Search
Email a friend
  • To include more than one recipient, please separate each email address with a semi-colon ';', to a maximum of 5

  • By submitting this article to a friend we reserve the right to contact them regarding Fastmarkets AMM subscriptions. Please ensure you have their consent before giving us their details.

2020 steel demand to be better than expected

Oct 14, 2019 | 11:49 AM | Monterrey, Mexico | Michael Cowden

Tags  Worldsteel, global steel demand, Michael Cowden


The World Steel Association (Worldsteel) forecasts that global steel demand will grow by 3.9% to 1.78 million tonnes in 2019 and 1.7% to 1.81 million tonnes in 2020.

That global growth, however, does not reflect strong growth in China and slow growth in the United States, Europe and other developed economies.

China surprises
Case in point: Chinese steel demand is expected to grow by 7.8% to 900.1 million tonnes in 2019 while the rest of the world is expected to see growth of 0.2% to 874.9 million tonnes.

That trend is expected to slow in 2020, with steel demand growing by only 1% in China and 2.5% in the rest of the world. The driver of growth in 2020 will be emerging economies outside of China, Worldsteel said.

“China surprised us this year. But we expect next year to really slow down,” Saeed G. Al Remeithi, chairman of the Worldsteel Economics Committee said during a news conference following the release of the outlook on Monday October 14.

Growth in China was driven in large part by its real estate sector, which has seen the steel intensity of new construction increase by approximately 5%. That has helped to offset a “significant slump” in China’s manufacturing sector and a Chinese auto sector that has contacted for 13 months in a row, Worldsteel said.

China - like the rest of the world - has been hurt by trade tensions. The country is unlikely to roll out “substantial stimulus measures” but “selective mild stimuli” in infrastructure and tax cuts aimed at boosting consumer spending should help offset that headwind, Worldsteel said.

The rest of the world, not so much
North American steel demand is expected to grow by 0.6% to 141.5 million tonnes in 2019 and by another 0.8% to 142.6 million tonnes in 2020, Worldsteel said. That broadly reflects trends in other developed economies, where growth is expected to slow by 0.1% in 2019 before rebounding by 0.6% in 2020.

Drags include the US construction sector, which is expected to weaken in 2019 and to see “no recovery” in 2020, Worldsteel said. Construction is also expected to slow or stagnate in Europe, Japan and South Korea on weak economic fundamentals.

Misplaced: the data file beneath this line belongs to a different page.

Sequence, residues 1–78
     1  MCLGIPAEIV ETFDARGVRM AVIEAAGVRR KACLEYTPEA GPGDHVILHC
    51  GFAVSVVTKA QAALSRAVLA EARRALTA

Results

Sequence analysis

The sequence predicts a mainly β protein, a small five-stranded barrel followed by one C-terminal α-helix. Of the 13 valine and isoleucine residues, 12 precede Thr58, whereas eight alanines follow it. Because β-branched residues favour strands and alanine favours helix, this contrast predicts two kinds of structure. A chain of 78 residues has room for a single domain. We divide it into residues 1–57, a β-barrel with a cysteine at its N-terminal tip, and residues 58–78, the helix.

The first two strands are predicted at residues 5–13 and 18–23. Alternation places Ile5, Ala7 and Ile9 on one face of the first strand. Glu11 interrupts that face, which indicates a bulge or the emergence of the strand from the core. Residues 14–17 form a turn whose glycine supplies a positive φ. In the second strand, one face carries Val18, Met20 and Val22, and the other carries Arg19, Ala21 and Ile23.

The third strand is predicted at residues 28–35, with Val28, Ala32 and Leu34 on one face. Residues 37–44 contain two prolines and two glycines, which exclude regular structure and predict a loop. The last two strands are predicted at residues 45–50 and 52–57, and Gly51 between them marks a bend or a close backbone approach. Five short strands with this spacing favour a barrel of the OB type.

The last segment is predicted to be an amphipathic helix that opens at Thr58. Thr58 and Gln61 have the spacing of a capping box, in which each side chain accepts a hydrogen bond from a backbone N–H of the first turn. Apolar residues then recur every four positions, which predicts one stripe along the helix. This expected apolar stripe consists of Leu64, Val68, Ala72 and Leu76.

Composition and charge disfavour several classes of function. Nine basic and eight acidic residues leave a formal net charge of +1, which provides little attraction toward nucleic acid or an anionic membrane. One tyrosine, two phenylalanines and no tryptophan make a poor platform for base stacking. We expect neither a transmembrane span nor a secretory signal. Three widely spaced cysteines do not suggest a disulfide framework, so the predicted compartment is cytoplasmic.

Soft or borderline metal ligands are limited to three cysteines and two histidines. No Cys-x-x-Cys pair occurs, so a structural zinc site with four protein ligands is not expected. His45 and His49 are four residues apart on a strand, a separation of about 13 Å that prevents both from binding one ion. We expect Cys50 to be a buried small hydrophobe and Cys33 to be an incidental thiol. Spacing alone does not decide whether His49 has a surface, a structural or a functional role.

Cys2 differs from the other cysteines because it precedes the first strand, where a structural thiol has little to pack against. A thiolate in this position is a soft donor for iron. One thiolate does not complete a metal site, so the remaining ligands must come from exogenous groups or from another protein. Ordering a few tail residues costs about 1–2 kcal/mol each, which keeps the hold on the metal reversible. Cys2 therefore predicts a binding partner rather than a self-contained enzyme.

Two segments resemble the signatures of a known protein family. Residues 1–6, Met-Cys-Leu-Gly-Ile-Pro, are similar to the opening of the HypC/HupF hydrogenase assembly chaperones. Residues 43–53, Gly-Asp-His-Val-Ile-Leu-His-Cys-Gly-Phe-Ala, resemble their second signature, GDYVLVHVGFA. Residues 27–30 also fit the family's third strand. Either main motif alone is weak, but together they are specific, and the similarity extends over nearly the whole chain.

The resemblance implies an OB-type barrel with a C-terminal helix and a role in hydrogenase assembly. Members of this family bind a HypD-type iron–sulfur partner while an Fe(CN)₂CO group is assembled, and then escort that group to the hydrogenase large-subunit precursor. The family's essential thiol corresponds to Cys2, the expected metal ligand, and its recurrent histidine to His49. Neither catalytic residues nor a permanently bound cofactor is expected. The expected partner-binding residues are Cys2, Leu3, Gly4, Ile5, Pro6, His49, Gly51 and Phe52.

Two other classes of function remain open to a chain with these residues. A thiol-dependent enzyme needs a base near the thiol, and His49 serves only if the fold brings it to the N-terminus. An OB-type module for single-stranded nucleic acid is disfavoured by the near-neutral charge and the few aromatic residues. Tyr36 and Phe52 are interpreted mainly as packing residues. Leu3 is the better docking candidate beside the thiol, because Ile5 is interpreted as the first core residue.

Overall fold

Another hit comes from the automotive market, where car production fell by 10.6% in Germany in the first eight months of 2019. The US automotive sector is forecast to see no growth in 2019 and only a slight rebound in 2020, Worldsteel said.

It is also a mixed picture in the developing world, where growth outside of China is expected to slow to 0.4% in 2019 due to weak fundamentals in Turkey, the Middle East and Latin America. It is expected to rebound by 4.1% in 2020 on infrastructure investments, particularly in Asia.

It could have been worse
Middling growth in the US and much of the rest of the world is not much to get excited about. But with prevailing pessimism in steel markets and in geopolitics in general, the showing was stronger than expected, Worldsteel general director Edwin Basson said during the news conference.

“Given the uncertainty and pessimism that we have seen in most steel markets… surprisingly enough, when you add the figures up, it shows a very robust market,” he said. “It raises the question, are we too optimistic? And we very well may be.”

Despite trade tensions - think Section 232, EU safeguard measures and President Donald Trump’s trade war with China - broader trends continue to benefit steel demand. In Southeast Asia, people are increasingly moving from the countryside into the city, and this has led to a construction boom for steel-intensive apartments, Basson said.

If there is an impediment to success, it might be consumer spending in developed economies. In the United Kingdom, for example, people are putting off buying and selling homes because of uncertainty over Brexit, Basson said.

“Consumers seems to be waiting… for more clarity,” he said.


 

Latest Pricing Trends Year Over Year